The complex interplay between examples and proving: Where are we and where should we head?

Our work suggests re-conceptualization of research concerning students’ over reliance on example-based reasoning, moving from a view of such reasoning as a stumbling block to quickly overcome toward a view of such reasoning as a necessary and critical foundation in learning to prove. We have extended prior research and have developed a comprehensive analytic framework (CAPS: Criteria-Affordances-Purposes-Strategies) for characterizing and making sense of the roles and uses of examples in proving-related activities of secondary school students, undergraduate students, and mathematicians. This framework constitutes a substantial contribution to the field, as it helps in illustrating the complexity of example use in proving-related activities, contrasting various aspects of example use among learners, and highlighting categories and patterns of example use that are identified with productive proving-related activities. We have documented the example use and thinking of secondary school and undergraduate students as well as mathematicians, and have identified patterns of productive (and unproductive) example use and strategies.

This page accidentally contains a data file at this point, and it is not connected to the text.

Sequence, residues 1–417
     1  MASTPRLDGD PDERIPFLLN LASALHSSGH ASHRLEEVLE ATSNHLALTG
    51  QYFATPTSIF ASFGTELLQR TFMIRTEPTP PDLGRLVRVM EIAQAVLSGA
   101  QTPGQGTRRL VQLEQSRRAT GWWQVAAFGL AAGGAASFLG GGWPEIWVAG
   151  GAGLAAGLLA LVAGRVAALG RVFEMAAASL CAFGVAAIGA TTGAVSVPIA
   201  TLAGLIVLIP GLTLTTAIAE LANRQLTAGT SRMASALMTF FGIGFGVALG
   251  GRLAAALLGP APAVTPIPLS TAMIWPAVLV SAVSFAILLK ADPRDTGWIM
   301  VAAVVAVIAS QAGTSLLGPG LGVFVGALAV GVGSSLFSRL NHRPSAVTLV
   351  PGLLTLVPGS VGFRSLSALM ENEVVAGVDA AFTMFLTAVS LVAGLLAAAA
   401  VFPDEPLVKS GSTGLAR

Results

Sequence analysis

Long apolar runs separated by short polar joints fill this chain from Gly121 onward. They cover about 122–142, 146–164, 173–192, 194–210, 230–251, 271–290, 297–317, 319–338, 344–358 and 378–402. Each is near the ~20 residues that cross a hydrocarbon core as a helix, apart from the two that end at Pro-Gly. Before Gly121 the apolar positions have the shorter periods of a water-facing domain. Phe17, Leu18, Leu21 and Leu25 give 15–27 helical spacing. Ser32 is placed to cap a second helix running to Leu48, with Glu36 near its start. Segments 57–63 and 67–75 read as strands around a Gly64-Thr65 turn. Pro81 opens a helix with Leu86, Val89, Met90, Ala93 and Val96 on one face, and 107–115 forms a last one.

Lead Organization(s): 
Year: 
2018
Short Description: 
Our work suggests re-conceptualization of research concerning students’ over reliance on example-based reasoning, moving from a view of such reasoning as a stumbling block to quickly overcome toward a view of such reasoning as a necessary and critical foundation in learning to prove.